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Doug Gray

Bloomington, MN
Commenter for
3 years 19 weeks

Recent Comments

Posted on 01/20/15 at 11:13 am in response to Why the U.S. is rarely at peace and often seeking monsters to destroy

As opposed to the George II Administration, who to judge by results invaded Iraq in order to do the heavy lifting for Iran and China?

Posted on 01/21/15 at 09:56 am in response to Why the U.S. is rarely at peace and often seeking monsters to destroy

Our first adventure in imperialism was the Mexican-American War in the 1840s. Since then, apart from the Civil War when we were busy killing each other, there have been few if any decades when U.S. troops have not been intervening in some country or other. The Long War differs in degree, not in kind, from the long, sad history of global U.S. militarism.

Posted on 01/21/15 at 01:48 pm in response to Why the U.S. is rarely at peace and often seeking monsters to destroy

for the Iraqis we "liberated" from Saddam these days; or the Somalis; or the Yemenis; or the...

A third option for Vegas travelers who, like us, need to get away from the neon and glitter for at least one day is to take a cab or shuttle to the hotel, rent a car using the concierge service and pick it up and drop it off at the hotel. In addition to all the lovely national parks there are ghost towns such as Jasper that are well worth a day trip.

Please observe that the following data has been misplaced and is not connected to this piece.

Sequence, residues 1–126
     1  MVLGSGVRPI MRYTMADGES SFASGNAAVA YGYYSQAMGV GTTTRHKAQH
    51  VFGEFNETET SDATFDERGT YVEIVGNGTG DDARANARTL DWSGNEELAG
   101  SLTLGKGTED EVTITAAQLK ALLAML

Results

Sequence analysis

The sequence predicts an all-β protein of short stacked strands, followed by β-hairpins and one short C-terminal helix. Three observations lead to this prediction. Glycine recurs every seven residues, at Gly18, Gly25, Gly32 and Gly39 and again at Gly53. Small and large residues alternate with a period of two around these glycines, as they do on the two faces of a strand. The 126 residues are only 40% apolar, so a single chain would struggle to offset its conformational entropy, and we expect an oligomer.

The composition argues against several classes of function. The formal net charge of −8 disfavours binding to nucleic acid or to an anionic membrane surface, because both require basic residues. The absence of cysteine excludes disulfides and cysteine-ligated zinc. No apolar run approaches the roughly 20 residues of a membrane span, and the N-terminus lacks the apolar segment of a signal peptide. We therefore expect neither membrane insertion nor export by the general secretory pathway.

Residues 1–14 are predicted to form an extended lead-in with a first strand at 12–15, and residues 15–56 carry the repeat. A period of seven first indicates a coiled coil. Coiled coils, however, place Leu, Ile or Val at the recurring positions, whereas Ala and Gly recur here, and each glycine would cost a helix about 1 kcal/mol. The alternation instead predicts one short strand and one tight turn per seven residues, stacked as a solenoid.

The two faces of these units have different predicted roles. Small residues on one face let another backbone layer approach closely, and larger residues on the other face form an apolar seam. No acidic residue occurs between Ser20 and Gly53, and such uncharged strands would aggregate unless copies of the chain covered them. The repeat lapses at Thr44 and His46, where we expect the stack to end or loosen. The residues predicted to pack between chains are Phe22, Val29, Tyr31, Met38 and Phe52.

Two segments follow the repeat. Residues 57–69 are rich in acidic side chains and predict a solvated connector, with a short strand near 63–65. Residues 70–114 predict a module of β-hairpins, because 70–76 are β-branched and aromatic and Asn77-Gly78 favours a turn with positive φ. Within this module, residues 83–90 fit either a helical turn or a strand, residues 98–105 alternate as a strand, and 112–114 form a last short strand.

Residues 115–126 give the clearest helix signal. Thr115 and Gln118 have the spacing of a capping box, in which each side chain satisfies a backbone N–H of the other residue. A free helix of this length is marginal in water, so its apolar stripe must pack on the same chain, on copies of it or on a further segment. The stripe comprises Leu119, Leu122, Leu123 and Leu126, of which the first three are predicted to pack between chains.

The U.S. already has diplomats in Cuba and vice versa, formally as Interests Sections of the Swiss Embassies in each country. So for that aspect of relations, the new opening is mostly symbolic.

1. The brothers Castro don't need a lifeline, from the US or anyone else. They're pottering along well enough, as they have been since the embargo was imposed and (formal) diplomatic relations broken off in the wake of the Bay of Pigs and Cuban Missile Crisis.

b. Realistically, there isn't anything much Cuba has that the US needs from them other than what it got, the release of one contractor and one admitted spy.

iii. Diplomacy, particularly between formerly estranged states,...

Meet the new big money with vested interests, same as the old big money with vested interests. Jenna Bush and/or Chelsea Clinton 2040!

Steven E. Rhoads, Cambridge University Press, 1985. A great micro "fake book" that gave me enough background to be mistaken for an economist at least twice.

They just don't make 'em like Rags any more. A true journalist in an era when anyone with a cell phone camera, a Twitter account and a grudge can fancy themselves the next Dan Rather. He, and his kind, will be missed.

Posted on 11/17/14 at 10:09 am in response to Breaking down Minnesota's judiciary

...aren't Minnesota judges supposed to be elected? I wonder what the effect would be on the makeup of the state bench if we barred judges appointed to vacancies from running for their seats as "incumbents?" I personally avoid voting for former prosecutors; this column makes me glad I chose Judge Sullivan.